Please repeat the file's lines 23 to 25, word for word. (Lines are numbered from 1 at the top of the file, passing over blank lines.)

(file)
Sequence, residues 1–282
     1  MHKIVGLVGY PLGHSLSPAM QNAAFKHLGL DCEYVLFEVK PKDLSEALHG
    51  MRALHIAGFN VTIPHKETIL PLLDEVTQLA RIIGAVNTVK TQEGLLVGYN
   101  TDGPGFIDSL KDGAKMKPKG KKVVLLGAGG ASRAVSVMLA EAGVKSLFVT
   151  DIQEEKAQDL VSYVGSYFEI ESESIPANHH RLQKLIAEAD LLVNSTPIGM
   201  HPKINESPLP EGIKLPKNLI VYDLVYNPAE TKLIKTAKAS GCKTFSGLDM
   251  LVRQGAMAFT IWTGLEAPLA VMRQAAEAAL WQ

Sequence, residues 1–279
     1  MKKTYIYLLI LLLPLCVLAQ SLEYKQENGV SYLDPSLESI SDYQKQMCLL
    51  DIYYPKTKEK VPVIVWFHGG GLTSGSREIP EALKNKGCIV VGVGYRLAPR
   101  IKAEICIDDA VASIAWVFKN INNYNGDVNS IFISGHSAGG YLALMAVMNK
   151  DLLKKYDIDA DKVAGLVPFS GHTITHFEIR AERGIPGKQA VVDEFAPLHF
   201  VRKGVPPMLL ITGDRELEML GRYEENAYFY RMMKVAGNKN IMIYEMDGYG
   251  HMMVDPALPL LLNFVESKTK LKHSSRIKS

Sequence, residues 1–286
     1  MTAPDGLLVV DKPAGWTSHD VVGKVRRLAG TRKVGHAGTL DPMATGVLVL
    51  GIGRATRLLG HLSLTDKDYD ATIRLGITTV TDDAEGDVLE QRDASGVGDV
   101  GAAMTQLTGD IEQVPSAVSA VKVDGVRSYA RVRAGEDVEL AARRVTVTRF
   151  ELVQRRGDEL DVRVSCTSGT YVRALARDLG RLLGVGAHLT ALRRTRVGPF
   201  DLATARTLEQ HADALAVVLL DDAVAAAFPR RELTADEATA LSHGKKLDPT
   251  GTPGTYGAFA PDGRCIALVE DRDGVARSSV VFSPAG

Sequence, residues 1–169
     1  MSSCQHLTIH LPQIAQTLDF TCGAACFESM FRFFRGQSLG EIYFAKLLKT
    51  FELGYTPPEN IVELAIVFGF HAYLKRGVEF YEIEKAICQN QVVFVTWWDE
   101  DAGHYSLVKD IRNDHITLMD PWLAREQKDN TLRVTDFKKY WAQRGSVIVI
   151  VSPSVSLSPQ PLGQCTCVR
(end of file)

     1  MSSCQHLTIH LPQIAQTLDF TCGAACFESM FRFFRGQSLG EIYFAKLLKT
    51  FELGYTPPEN IVELAIVFGF HAYLKRGVEF YEIEKAICQN QVVFVTWWDE
   101  DAGHYSLVKD IRNDHITLMD PWLAREQKDN TLRVTDFKKY WAQRGSVIVI